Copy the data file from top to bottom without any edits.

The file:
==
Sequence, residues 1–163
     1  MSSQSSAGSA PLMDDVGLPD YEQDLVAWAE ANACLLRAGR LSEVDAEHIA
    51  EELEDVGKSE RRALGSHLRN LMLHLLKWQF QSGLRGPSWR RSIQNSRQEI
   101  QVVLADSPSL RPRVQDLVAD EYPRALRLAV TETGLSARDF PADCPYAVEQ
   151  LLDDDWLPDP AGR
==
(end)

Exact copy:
Sequence, residues 1–163
     1  MSSQSSAGSA PLMDDVGLPD YEQDLVAWAE ANACLLRAGR LSEVDAEHIA
    51  EELEDVGKSE RRALGSHLRN LMLHLLKWQF QSGLRGPSWR RSIQNSRQEI
   101  QVVLADSPSL RPRVQDLVAD EYPRALRLAV TETGLSARDF PADCPYAVEQ
   151  LLDDDWLPDP AGR